The inclusion of even fruit, herbs, and vegetables has gained popularity, no doubt as the more of those fixings there are recorded on the label, the more it may attract the one who purchases their dog it. Certainly pet food manufacturing companies have been presented by the incorporation of the ingredients with production challenges; not only do they want the batter to be blended, they should be concerned about delivering some vegetable matter that was identifiable, also!

The selection criteria of wDJ
Here's exactly how we ascertain whether a wet food is actually "superior."
We remove all foods comprising artificial colours, flavours, or preservatives that are added. Canned food needs to not be low in animal proteins, and therefore, plenty palatable with no additional flavors. In addition, it needn't include any preservatives, given its sterilized and sealed containment.
We reject foods containing protein or fat not identified by species. "Animal fat" and "meat proteins" are euphemisms for low quality, low priced combined fixings of dubious source.

We reject any food including poultry or meat byproducts byproducts. There's a broad variation in the characteristic of the byproducts which are open to dog food companies. And there's no means for the typical dog owner (or anyone else) to find out, beyond a shadow of a doubt, whether the byproducts used are carefully managed, cooled, and used fresh within a day or two of slaughter (as some businesses have told us), or the cheapest, lowest-quality stuff on the marketplace. There's some, but much less variation in the grade of whole-meat products; they're not exceedingly cheap to be handled.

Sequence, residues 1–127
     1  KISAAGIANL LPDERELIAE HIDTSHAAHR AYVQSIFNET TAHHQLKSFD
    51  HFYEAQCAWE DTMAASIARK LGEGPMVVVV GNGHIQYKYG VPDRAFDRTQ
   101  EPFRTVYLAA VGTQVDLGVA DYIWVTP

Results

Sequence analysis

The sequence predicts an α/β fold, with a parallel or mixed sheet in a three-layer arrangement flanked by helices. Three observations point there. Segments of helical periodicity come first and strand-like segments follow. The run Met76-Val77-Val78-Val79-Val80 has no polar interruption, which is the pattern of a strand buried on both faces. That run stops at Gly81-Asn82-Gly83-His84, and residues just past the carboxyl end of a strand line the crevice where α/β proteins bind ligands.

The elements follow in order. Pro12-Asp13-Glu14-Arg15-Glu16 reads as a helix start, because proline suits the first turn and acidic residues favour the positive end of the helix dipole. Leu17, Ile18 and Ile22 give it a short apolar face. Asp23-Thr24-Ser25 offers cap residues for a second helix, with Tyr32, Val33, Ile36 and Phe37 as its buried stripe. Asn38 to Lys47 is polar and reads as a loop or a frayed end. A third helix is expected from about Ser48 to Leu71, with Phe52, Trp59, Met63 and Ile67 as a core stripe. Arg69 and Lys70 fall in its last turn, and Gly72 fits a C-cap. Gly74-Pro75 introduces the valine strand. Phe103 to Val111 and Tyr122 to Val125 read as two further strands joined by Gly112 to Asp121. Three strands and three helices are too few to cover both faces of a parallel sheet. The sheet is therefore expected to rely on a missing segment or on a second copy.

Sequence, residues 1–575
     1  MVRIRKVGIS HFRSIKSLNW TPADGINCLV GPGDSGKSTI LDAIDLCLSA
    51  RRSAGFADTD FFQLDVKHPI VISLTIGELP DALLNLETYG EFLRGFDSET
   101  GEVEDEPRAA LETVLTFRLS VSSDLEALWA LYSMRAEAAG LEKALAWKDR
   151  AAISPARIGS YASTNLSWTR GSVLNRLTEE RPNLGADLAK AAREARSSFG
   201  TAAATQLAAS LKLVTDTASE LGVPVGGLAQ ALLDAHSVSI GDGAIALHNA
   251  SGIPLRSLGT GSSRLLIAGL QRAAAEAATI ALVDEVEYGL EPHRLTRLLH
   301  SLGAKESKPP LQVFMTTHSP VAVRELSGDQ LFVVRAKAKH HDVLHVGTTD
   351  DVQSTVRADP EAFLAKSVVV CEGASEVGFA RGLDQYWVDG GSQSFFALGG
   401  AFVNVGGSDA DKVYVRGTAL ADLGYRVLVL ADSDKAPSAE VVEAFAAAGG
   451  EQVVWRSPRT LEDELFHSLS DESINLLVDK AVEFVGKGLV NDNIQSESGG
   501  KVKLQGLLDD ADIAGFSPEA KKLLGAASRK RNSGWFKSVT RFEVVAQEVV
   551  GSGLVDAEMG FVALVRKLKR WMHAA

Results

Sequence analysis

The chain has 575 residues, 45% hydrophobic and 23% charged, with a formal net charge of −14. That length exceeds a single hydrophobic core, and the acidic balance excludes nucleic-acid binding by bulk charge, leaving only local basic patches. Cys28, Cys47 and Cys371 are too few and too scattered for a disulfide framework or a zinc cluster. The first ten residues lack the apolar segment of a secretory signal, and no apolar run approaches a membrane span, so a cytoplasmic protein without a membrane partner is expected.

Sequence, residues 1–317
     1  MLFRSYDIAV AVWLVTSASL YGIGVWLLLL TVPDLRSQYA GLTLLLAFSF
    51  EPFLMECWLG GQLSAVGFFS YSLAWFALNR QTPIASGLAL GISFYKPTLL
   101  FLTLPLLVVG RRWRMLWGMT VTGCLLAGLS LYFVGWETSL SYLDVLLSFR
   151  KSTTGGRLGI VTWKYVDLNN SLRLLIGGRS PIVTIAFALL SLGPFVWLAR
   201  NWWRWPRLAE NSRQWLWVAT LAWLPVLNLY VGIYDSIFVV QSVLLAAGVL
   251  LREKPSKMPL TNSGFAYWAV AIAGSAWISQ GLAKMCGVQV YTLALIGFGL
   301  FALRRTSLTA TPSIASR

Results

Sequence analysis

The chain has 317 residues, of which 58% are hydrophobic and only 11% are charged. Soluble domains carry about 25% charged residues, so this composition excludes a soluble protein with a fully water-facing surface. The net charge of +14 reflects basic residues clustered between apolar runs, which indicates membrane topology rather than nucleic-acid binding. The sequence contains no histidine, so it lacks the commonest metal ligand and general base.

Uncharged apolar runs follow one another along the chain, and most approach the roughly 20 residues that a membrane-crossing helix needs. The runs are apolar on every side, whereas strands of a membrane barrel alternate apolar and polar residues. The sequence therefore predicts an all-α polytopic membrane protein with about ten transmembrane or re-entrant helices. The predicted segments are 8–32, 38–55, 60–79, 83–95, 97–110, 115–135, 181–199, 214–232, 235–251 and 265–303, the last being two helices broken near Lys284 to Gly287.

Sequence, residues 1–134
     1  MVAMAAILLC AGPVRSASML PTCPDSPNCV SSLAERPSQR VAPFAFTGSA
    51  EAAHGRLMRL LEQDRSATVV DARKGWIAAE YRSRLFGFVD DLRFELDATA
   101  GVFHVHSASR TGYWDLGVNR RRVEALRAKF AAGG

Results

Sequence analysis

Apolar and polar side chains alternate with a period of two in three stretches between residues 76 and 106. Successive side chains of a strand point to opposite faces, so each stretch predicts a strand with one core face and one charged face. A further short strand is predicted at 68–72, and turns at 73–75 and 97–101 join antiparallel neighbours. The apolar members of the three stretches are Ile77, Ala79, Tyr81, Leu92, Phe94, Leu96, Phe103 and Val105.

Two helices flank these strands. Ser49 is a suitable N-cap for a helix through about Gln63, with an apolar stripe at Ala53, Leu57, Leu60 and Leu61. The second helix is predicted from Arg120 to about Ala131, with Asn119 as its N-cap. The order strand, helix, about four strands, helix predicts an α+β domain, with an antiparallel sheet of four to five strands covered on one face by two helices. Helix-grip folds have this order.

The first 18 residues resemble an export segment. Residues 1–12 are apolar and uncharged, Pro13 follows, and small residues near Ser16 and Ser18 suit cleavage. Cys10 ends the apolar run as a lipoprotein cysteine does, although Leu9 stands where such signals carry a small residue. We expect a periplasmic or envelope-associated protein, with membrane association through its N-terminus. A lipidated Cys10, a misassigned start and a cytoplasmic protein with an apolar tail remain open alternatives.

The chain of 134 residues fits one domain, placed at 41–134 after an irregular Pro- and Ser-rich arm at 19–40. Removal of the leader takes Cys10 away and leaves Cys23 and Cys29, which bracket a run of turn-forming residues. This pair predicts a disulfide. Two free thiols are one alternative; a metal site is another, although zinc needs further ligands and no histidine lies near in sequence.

We remove any food containing sugar or alternative sweetener. A food including quality meats should not need added palatants to entice dogs.

* We look for foods with entire meat, fish, or poultry as the very first fixing (and probably the second and third fixings, also!) to the label. (Just as with food for humans, ingredients are listed on the label by the whole weight they lead to the item.)
When a nutritious meat, poultry, or fish broth can be used in place of the water which will be required for processing We enjoy it. Cooking meat, fish, or poultry bones, parts, and muscle tissue obtains broth.
* If grains or vegetables are used, we look for using whole grains and vegetables, as opposed to some reconstituted parts, i.e., "rice," rather than "rice flour, rice bran, brewer's rice," etc
* Speaking of grain ... We have discussed this many times, however there's nothing that says a canned food needs to include any carb or grain source.

Grains initially found their way to pet food since they were less high-priced than animal proteins; of course, their amino acid profiles are not as complete than those offered by animal-sourced proteins, so we are not wild in regards to using any grain or grain fragment as a protein source. And, unlike humans, dogs do not require carbohydrates to dwell; they can do great having an eating plan which has no carbs. We strongly favor dog foods that have no grain in the slightest or small quantities of grain.